At home, they are doctors, lawyers, teachers, employees, and bosses. Most are mothers and wives, too. Out here, they’re explorers.
“It’s a week to get away from kids, jobs, and everything,” said Barb, “and just spend time with friends. Whenever somebody new wants to join in, we tell them they can’t. It’s just been the same group for too long.”
One year, they paddled 250km down the Cree River. The next it was a section of the Churchill. This year, they were in the McLennan Lake area and they’d decided to stop by Forest House for a visit after meeting Ric at his CRCO office.
No sooner had the Shoo Bears left than a second group of visitors arrived. Rob MacIntosh, co-owner of Forest House, dropped in unexpectedly to show his sister the property.
His wiry frame spoke of an active life; his fiery red hair complemented his intensity. It was evident that Rob didn’t sit around and wait for something to happen. He was the catalyst behind the Pembina Institute. As co-founder of the organization, he helped it grow from a regional advocacy group in Drayton Valley, Alberta, to one of Canada’s leading environmental think tanks providing practical environmental solutions to industry and government.
Rob’s restlessness showed throughout our stay. The day after our arrival, he guided us on a three-lake afternoon canoe trip. When we returned, most of us opted to alternate between hot sauna and cold lake. Rob fired up a chainsaw to clear deadfall trees from a hiking trail. After dinner, he built the fire and poured the whiskey.
When, at the end of the week, it came time for us to return to our iPhones, unanswered emails, and busy agendas, he was the first person packed.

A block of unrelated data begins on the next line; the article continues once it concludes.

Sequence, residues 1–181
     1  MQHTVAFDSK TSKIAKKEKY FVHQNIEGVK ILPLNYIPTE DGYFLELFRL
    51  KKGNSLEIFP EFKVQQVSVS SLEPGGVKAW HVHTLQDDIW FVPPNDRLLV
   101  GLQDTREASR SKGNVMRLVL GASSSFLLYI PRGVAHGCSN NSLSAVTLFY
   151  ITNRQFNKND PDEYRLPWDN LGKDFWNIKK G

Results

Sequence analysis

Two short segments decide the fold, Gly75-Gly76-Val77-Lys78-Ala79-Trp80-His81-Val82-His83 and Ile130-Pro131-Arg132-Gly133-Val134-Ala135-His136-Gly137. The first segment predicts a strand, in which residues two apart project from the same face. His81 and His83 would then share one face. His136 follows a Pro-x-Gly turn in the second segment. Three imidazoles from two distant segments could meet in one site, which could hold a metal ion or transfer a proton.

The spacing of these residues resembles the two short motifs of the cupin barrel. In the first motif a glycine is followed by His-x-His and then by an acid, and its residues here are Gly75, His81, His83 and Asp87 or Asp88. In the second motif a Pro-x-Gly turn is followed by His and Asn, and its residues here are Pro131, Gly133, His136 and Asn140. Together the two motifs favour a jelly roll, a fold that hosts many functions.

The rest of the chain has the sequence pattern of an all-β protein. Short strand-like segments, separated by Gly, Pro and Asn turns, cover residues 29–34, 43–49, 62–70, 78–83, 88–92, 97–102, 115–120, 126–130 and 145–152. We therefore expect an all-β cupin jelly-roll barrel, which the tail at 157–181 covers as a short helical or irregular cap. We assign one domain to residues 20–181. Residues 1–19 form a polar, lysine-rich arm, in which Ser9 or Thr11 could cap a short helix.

On the return trip, we didn’t fly. We canoed.
Ric had the trip down to a science. He’d been training us all week. When we’d gone to meet the Shoo Bears, he taught us proper sterning techniques — the art of steering a canoe without paddling on alternating sides. Our half-day paddle to check out an abandoned camp gauged both our endurance and portaging strength. Even our lake swim now seemed to have been more about ascertaining our swimming ability than escaping the heat.
Although Forest House sits only a dozen kilometres from the highway and its link to civilization, the return trip covered four lakes and included four portages, across which we had to carry not just our equipment but our canoes, too. After three days at the wilderness lodge, we couldn’t complain. This route was how everything — the phone antenna, solar panels, even the refrigerator — had been hauled to the property to begin with. By comparison, our bags were light.
How to visit
- When: Forest House opens for clients between June and September; however, the owners are considering winter trips in 2013.
- Where: Forest House is located 75km north of Misinipe, Saskatchewan.
- How: Unguided canoe shuttles are included. Guides are available from Churchill River Canoe Outfitters and cost between $110 and $225. Floatplanes from Misinipe to Forest House, with Osprey Air, run between $425 and $775 depending on group size.
- To do: Learn about wild edible plants, organic gardening, and sustainable living. Paddle a canoe, hike through the boreal forest, or fish for northern pike. Relax in the sauna and swim in the lake.
- More info: Contact Ric Driediger at firstname.lastname@example.org or call 1-877-511-2726.